The world’s biggest oil buyer may be waking up from a seasonal slumber. China added 37 million barrels of oil to inventories in the first nine days of November, a rebound from September and October, when stockpiles fell by more than 120 million barrels, according to commodities intelligence firm Orbital Insight Inc. The drawdown coincided with China in October buying the least amount of foreign oil in a year, according to customs data.
Orbital’s analysis of China’s seasonal storage patterns is a rare look into one of the more hidden aspects of the oil market, as China doesn’t regularly report detailed inventory data. Instead Orbital uses satellite imagery to measure the levels of thousands of petroleum storage tanks throughout the country in order to assess inventory levels.
Such data can be vitally important to oil traders. For example, the U.S. Energy Information Administration’s weekly releases of storage and other petroleum data can set off large amounts of trading and sharp price moves. Orbital is part of a growing number of firms using data from an armada of satellites to provide more accurate data about commodities and other economic trends.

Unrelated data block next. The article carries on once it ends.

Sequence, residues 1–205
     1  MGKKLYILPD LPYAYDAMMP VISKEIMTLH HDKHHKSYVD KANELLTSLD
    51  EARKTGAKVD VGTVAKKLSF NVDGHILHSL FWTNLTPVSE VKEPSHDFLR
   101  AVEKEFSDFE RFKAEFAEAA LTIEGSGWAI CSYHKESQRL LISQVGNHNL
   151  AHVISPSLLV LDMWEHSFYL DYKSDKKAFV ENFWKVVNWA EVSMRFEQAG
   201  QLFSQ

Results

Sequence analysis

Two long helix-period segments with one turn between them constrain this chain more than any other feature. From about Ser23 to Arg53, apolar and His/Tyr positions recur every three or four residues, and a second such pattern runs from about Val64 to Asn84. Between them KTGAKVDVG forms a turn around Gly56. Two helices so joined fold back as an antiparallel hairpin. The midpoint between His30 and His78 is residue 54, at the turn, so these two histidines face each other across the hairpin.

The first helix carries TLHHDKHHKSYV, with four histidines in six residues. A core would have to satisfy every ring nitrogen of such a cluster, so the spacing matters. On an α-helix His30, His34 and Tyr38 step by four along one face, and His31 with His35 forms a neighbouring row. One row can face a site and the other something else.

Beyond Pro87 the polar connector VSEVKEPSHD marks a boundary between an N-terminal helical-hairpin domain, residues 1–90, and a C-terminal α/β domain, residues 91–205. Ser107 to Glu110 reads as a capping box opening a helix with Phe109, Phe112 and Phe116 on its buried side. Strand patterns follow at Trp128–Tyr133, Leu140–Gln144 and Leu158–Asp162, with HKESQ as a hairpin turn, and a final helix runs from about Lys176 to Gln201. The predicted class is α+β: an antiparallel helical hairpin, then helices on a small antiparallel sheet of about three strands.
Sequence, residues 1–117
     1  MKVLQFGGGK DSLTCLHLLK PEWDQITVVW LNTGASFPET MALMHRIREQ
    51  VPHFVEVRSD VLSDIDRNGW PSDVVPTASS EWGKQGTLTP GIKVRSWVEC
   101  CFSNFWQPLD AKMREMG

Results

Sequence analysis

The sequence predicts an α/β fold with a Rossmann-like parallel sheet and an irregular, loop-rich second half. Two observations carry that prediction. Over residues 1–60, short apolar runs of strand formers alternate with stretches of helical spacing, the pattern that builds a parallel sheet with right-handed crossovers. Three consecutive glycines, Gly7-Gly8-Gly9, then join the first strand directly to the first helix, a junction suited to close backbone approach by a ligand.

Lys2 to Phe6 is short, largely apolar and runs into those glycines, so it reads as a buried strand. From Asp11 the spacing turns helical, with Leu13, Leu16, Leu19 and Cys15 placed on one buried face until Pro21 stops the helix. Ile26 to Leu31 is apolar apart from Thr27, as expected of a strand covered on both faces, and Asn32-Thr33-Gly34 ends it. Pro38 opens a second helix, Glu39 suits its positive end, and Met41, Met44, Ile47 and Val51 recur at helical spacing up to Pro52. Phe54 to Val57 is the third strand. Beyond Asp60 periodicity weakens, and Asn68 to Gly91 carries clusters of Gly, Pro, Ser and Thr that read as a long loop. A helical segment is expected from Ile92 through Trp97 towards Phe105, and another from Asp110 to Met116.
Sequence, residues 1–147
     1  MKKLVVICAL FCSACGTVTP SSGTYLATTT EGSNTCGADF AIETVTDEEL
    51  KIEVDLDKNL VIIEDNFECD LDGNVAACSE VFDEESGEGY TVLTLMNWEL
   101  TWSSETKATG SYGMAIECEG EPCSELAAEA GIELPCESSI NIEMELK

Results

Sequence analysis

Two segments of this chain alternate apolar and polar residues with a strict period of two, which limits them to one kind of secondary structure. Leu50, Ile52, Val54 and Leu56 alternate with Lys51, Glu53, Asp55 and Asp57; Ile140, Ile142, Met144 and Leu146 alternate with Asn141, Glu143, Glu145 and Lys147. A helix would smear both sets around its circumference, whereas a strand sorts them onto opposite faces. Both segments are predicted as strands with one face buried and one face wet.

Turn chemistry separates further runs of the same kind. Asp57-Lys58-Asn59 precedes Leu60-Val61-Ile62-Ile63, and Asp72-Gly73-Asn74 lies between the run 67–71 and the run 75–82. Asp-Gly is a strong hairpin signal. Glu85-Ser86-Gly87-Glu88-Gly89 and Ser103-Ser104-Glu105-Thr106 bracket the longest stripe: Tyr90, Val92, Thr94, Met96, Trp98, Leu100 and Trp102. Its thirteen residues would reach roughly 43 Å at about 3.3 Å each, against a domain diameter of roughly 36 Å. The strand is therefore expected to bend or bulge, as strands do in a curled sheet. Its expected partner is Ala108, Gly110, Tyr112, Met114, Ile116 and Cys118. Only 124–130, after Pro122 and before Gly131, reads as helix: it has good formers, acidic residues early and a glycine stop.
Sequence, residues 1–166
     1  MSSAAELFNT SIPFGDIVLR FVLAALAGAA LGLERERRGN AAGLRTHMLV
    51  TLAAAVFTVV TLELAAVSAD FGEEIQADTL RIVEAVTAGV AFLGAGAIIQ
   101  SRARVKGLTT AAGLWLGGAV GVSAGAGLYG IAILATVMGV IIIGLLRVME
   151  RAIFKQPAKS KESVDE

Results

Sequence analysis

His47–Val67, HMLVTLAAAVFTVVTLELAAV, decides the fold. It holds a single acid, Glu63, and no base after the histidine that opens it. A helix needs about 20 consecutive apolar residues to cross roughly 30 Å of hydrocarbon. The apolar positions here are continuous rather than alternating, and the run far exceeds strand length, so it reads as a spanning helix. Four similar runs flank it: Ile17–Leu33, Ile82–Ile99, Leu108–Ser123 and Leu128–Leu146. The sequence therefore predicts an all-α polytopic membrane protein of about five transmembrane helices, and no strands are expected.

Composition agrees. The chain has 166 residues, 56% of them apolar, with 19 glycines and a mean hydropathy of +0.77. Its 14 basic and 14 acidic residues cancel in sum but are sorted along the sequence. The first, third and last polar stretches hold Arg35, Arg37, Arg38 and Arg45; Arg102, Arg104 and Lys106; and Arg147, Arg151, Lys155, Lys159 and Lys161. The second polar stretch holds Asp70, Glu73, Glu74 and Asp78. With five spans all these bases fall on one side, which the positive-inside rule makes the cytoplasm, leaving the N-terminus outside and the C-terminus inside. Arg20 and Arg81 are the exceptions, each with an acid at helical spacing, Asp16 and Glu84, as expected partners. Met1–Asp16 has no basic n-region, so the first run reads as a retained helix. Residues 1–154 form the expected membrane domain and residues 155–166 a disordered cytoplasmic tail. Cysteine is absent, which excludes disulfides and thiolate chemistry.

Barclays Plc analysts said in a report last month citing data from Ursa Space Systems Inc. that if satellite findings are accurate and reflect broader activity in the Chinese oil sector, then the nation’s oil demand may be underestimated and the global supply-demand balance is tighter than thought.
From 2014 to 2016, China on average increased oil inventories by 22 million barrels from the beginning of November to the end of December, according to Orbital data. Renewed buying from China, which this year has surpassed the U.S. as the world’s largest oil importer, could be another tailwind for the resurgent crude market, which has seen prices rally by 40 percent since June.
Sources and Photo-credits: Bloomberg